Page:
Label: Aural Hypnox
Genre: Ritual / Dark Ambient
This completes Aural Hypnox's re-releasing of all the old I.Corax material on the defunct Blue Sector label. Kuilu was originally released 2004. It is a live recording of the first ever I.Corax performance which took place on March 2nd, 2002. The press release mentions that this material is simpler and more straight forward than other recorded material. This album features only 4 songs and a rather short total runtime of about 39 minutes.
Since the press release states that this is both a live recording and is "simpler and more straight forward", I almost expected it to act as more of a relic of a bygone era, and a novelty for fans of the project rather than a standalone album that is enjoyable to listen to. However, after listening I feel that the music unquestionably has enough merit to be more than a mere novelty showcasing the history of the project.
The first track, "The Face of the Sun", is a great opener and honestly doesn't strike me as all that minimal (in the scope of ritual ambient). There is a steady drone that permeates the entire piece, slowly growing and mutating over the 9 minute duration; though there are plenty of other elements utilized (clanking percussion, voice/chanting, field recordings) such that I did not get bored, nor did it feel overly monotonous. The repetition creates a truly hypnotic feeling that sucks you into this ritual. This song builds consistently and by the 5 minute mark you can feel it ripping through the fabic of the material world and opening the doorway to the realm of the spirit.
The second track, "Menhir", carries a bit more "open" sound; whereas the opener feels like you are enclosed within the confines of a ritual room, this one feels as if you are standing in an spacious open field in the astral plane - the beeping analog squelches and slow, thumping percussion bring to life a vast, strange, and almost alien world parallel to our own. While this song is more repetitious, it carries such an interesting sound that I almost didn't notice. It kind of reminds me of a really dark, gritty version of some of the older, psychedelic Future Sound of London material.
The third track, "Tephra", is fairly similar in scope to "Menhir" - it also works with the very spacious, subtly psychedelic sound of an open ethereal field/meadow. It's fairly minimal and there is an annoying high pitched sound/drone that occurs too often, but the sounds used are quite powerful and enough to create visionary and deep atmospheres.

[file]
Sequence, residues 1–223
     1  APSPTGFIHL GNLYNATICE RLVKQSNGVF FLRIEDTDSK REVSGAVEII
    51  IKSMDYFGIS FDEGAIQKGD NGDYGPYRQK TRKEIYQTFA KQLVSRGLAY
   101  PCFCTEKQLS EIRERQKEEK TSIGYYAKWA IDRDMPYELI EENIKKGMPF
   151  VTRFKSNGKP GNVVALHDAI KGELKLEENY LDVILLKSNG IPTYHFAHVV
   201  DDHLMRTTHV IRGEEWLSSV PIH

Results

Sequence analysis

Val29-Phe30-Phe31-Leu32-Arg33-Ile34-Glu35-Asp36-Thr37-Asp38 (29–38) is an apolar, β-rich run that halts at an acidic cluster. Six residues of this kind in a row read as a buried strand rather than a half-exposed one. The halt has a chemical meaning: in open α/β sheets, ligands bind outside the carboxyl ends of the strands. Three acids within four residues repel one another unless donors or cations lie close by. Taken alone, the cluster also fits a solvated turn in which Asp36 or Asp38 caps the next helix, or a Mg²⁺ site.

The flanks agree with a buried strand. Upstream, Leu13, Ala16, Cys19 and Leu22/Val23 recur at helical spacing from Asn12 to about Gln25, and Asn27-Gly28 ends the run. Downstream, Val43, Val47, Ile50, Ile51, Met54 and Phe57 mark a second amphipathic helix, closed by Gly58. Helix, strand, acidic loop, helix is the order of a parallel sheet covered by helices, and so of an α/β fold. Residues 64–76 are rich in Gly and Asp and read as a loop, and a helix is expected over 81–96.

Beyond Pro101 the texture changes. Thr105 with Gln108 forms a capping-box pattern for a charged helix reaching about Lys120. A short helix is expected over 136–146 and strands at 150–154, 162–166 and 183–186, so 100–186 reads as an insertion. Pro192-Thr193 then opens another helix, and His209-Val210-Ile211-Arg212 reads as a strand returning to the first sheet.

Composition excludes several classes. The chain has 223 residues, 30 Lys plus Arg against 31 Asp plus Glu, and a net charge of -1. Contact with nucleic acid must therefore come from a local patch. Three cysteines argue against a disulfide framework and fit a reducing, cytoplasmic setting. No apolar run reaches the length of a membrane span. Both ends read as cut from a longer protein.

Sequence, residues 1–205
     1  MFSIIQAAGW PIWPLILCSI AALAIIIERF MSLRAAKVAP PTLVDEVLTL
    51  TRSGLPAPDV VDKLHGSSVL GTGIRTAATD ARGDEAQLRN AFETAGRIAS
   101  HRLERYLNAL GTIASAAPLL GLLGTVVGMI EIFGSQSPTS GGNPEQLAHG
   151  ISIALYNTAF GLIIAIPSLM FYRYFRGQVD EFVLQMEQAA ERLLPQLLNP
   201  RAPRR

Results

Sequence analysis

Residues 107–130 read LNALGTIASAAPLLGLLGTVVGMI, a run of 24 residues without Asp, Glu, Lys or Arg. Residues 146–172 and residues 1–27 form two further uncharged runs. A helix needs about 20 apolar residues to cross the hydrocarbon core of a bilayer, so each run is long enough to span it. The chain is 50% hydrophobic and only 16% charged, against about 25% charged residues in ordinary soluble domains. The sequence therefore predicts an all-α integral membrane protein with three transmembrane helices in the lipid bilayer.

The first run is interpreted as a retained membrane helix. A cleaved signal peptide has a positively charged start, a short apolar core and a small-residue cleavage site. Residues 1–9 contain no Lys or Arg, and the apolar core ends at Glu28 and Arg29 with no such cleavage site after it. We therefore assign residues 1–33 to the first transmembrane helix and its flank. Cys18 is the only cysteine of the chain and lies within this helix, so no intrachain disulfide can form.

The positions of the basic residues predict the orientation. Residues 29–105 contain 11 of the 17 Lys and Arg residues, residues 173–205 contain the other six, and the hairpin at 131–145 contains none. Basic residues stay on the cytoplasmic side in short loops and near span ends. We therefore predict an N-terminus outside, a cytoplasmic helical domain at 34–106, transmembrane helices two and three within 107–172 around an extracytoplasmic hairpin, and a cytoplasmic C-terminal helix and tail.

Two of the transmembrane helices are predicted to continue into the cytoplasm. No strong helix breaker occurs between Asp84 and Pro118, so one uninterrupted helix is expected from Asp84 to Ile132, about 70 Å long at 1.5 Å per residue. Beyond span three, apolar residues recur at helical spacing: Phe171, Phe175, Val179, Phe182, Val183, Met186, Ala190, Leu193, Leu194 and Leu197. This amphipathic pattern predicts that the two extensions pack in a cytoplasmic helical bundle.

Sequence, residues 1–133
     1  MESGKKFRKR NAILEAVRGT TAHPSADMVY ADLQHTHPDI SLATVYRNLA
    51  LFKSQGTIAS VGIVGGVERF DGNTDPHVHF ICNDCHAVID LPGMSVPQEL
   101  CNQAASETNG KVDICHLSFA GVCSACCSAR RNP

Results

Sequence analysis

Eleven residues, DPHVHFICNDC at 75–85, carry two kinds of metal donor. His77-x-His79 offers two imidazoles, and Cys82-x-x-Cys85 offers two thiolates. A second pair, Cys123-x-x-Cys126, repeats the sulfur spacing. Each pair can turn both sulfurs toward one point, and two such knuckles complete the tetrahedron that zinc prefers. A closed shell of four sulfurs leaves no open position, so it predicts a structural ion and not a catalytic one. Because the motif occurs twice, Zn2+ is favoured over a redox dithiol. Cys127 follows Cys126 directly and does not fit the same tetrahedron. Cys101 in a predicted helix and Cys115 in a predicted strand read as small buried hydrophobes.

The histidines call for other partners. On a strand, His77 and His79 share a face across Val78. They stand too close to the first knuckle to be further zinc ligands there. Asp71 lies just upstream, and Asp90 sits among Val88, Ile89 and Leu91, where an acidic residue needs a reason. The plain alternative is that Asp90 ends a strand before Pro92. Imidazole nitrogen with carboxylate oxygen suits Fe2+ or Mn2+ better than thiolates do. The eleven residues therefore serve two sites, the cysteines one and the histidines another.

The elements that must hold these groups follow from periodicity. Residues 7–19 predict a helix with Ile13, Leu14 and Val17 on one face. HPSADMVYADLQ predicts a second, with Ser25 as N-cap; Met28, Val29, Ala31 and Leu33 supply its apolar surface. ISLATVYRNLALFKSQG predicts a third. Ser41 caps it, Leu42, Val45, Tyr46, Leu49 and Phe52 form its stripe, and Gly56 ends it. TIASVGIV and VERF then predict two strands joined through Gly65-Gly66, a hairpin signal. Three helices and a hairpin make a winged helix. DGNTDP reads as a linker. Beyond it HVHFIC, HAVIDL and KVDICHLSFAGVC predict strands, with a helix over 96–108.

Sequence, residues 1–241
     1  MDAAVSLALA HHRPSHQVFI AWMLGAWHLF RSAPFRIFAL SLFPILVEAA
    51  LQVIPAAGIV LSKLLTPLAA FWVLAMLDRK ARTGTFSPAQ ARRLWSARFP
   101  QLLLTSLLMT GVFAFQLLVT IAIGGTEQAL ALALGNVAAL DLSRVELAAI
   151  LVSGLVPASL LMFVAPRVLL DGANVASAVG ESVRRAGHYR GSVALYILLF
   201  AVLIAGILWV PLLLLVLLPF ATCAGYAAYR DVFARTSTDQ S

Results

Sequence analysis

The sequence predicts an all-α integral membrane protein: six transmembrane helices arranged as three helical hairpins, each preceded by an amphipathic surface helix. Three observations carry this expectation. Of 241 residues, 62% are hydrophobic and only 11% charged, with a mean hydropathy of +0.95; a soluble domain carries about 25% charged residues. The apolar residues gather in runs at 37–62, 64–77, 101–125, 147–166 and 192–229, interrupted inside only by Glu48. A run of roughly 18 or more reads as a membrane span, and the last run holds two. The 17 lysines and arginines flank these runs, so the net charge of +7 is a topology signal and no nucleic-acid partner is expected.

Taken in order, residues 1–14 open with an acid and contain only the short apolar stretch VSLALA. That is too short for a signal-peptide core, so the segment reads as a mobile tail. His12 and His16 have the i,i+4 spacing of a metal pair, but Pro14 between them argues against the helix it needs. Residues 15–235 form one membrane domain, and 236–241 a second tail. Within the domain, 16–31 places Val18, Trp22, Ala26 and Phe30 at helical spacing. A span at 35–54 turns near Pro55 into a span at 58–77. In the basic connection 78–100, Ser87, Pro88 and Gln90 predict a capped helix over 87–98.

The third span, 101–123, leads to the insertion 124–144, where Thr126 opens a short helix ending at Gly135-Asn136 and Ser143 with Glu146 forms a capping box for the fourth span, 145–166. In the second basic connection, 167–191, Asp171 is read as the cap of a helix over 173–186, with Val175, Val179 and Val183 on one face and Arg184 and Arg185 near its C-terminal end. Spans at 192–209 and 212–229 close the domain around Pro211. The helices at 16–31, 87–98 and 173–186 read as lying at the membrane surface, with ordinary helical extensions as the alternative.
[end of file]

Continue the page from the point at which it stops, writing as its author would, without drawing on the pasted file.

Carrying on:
The final song, "Animus Desertis" is the shortest at only 6 minutes. It goes back to the sound of the opener and has a more confined feel, as if you are once again back in your darkened ritual room, lit by naught by solitary candle. Modulating analog pads and shimmering sfx which swirl about keep up the blackened psychedelic vibe as you close the door betwixt this realm and the next. This song is probably the least interesting here, as it just sounds like the pieces from all the other tracks used together in a different order, but it's still enjoyable and acts as a more or less fitting closing piece.
Kuilu turned out to be quite an enchanting and powerful album, and I would not have thought it to be a live recording if I was not explicitly told. It was recorded well and the sound is quite good - while as a whole it does have something of a murky and gritty tone, that's par for the course with Aural Hypnox material anyway. They were certainly able to do enough / use enough elements in a live setting to create a full and profound listening experience. I find that the short runtime is beneficial; it's long enough to create a poignant piece that fully explores the chosen sounds and textures, but if it were longer I feel that it would become monotonous. Definitely a must hear for fans of Aural Hypnox and ritual ambient.
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